“This is simply mind-boggling!” loudly proclaimed the man who just entered the room, on the move sharply closing a door behind him where just a single word was imprinted with a soft sky-blue shade: “Home”.

“Inconceivable, you are right,” quietly agreed the old man who was sitting behind a table, and raised his head to recognize this new visitor.

Under the intense and sympathetic gaze of his blue eyes, the newcomer was momentarily embarrassed, but only after a few moments, he turned back to his own accusations.

“Hell only knows what it is! You simply live for yourself, you just keep working, you don’t seriously interfere with someone’s affairs, you go for a walk in the evenings through the night streets of big cities, and then all of a sudden…”

“And then all of a sudden the icicle falls down just on top of your head like snow on new year’s eve!” smiled the elder, studying the newcomer’s reaction to his words.

“How do you know,” the newcomer asked in surprise. “Were you following me?”

“Oh, not me personally. I have a lot of other duties in this wonderful world, you know. But we, most certainly, knew what was going to happen to you that most touching night even before you… well, what does time mean in this world, after all?” and the speaker put aside his quill and with such an unusual for his venerable age grace easily turned several pages of the impressive-sized book that was lying on the table. “Udaltsov Ivan Sergeevich?”

“Yes… that’s my name. Or was it? I definitely cannot understand anything in this story!”

“That’s a pity,” the scribe noted softly. “You ought to have learned that life lesson before… but let us not speak of the time.”

“Perhaps you would care to explain what’s going on in here?” Ivan Sergeevich pushed out these words with pressure, having moved a couple of steps in the direction of a slightly glowing massive seemingly-wooden table, where his interlocutor was sitting. “Right here and right now!”

“Your last attempt was unsuccessful. You have not fulfilled and would not have fulfilled your destiny. So we had to take you out early.”

“To take where?” Ivan Sergeevich instantly stopped, trying hard to remember all events of his last days on Earth down to the smallest detail.

“Back home, certainly,” quietly replied the gray-haired old man, gently wiping away a tear from his eyes. “All roads always lead back home, but each has a home of his own.”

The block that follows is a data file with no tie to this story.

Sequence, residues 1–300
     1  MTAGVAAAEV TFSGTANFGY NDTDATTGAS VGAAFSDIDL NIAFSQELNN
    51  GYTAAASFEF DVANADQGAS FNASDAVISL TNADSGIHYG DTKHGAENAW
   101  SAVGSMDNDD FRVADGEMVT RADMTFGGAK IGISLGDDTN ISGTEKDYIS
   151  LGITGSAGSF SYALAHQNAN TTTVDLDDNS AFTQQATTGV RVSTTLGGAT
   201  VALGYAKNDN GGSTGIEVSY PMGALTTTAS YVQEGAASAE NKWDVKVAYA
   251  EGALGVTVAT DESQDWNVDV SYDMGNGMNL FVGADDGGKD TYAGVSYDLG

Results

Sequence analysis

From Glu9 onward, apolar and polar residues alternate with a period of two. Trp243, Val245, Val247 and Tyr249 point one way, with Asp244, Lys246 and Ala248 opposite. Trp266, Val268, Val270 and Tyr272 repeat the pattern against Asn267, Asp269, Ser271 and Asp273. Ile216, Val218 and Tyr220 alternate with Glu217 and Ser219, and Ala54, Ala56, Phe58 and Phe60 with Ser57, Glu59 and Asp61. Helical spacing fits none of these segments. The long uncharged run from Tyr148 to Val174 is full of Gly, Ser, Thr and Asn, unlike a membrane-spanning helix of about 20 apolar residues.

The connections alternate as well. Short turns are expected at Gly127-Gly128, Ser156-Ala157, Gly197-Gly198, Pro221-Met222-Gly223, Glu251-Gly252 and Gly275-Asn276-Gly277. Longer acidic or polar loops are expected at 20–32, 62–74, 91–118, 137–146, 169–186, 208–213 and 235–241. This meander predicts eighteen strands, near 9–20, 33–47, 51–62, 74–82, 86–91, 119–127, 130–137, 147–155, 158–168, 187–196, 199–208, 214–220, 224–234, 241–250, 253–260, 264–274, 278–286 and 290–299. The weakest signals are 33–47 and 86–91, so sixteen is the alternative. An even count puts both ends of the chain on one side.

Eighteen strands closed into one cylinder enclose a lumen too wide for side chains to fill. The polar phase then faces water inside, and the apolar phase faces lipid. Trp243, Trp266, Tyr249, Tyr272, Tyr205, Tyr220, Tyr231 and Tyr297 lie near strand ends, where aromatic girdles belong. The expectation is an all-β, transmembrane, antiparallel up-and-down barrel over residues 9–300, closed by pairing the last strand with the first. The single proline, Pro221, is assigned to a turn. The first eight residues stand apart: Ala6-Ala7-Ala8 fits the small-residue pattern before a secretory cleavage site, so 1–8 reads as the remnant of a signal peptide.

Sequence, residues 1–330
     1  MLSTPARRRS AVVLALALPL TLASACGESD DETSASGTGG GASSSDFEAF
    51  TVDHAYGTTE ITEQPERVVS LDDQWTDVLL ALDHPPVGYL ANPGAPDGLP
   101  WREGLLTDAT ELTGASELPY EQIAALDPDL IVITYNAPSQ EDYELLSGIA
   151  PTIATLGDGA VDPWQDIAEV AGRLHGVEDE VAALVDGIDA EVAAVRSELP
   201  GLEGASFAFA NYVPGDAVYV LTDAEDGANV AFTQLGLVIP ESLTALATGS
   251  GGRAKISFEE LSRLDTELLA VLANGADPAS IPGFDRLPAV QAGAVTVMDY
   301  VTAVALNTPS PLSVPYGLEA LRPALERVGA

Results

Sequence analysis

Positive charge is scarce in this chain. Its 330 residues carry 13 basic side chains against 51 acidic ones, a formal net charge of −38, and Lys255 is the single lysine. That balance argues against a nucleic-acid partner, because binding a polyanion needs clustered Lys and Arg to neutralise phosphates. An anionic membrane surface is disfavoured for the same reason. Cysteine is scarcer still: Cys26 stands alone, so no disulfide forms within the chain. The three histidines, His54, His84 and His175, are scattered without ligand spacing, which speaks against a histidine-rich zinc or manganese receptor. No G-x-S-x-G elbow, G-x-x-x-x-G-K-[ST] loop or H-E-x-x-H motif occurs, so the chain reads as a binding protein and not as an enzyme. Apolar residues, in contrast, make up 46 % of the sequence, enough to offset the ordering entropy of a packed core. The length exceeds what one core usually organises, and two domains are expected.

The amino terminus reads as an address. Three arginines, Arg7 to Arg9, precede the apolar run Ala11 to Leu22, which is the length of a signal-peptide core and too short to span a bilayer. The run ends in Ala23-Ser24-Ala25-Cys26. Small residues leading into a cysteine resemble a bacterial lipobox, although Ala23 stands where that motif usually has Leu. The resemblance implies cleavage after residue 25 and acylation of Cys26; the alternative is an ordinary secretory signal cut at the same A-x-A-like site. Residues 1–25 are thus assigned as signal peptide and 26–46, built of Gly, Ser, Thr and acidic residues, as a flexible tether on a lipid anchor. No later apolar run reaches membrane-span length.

“Are you implying that I…” and the thought that pierced Ivan Sergeevich’s mind at that moment made him shudder, “that I died?”

“Death is such a relative concept on the road of eternity,” the speaker answered with conviction. “Though not everyone is going that way.”

“I died…” Ivan Sergeevich’s spirit was still trying to overcome an impassable barrier. “Yet I am still alive, or otherwise who would be speaking with you right now?”

“And maybe you are actually seeing all of this in a dream while still lying in a coma in some not forsaken by God resuscitation clinic of some Earth city?” The old man gently smiled and his eyes sparkled with inner light for an instant. “Would you like to try again?”

“To try out what?”

“To finally fulfill your purpose, of course. After all, this is exactly what you went there for – to become a world-known artist, to illuminate through creativity this drowning in darkness world with the light of hope. And what did you end up with? The top manager of a major global bank. Are there not enough accountants and bankers in this world already?”

“I…” Ivan Sergeevich was staring down at his feet in confusion, observing how in these very moments they were drowning in a pink-and-purple mist that was spreading across the floor of the room. “I… I simply forgot! In God’s name, I forgot all of that! Why didn’t you remind me?”

“Those were the terms of our agreement. If you decide to make another attempt – you will completely forget about this meeting. Will you try again – or decide to refuse and start expecting your future fate as the one who has failed to fulfill his own promise?”

 “Perhaps… I can make another attempt. Life on Earth… has its own advantages,” Ivan Sergeevich frightfully shifted from one foot to the other, while the fog rose higher and higher, enveloping both the elder, the writing-table, and Ivan himself.

“From the beginning or from the stopping point?”

“The stopping of what?”

“Your heart, of course.”

“Let’s… start from the beginning.”

“A new birth then…” understandably nodded the old man. “Well, that’s your right.”

“I can become anyone, right? After all, this is a new starting point. I could be… say, the race car driver. The best racer in the history of the world! Crowds and crowds of people would applaud me, I would bathe in money…”

At this point the fog that covered the room became so dense that dreaming Ivan Sergeevich completely lost his space and time landmarks. Not only this mysterious old man but corporate silhouette of Ivan himself disappeared from sight.

“Do you hear me?!” Ivan shouted into the distance, trying to see at least something. “People would applaud me! I would be great!”

The blue-eyed old man was still sitting at his desk, shrouded in mist. He silently turned back and forth the pages of his enormous book, while his eyes either filled with tears or sparkled with radiant light. Finally, the hand wielding a white feather stopped in front of the line “Udaltsov Ivan Sergeevich”, near which there was a number that has become a three-digit one a long time ago. A slight movement of hands – and this number increased by one. The letters of this name suddenly became increasingly vague just like this very fog, and then completely changed to “Gerashchenko Anton Pavlovich”.

The elder man gently raised his head from the book, brushing away another tear.

“I would strongly advise you to become an artist, Ivan Sergeevich,” he added quietly.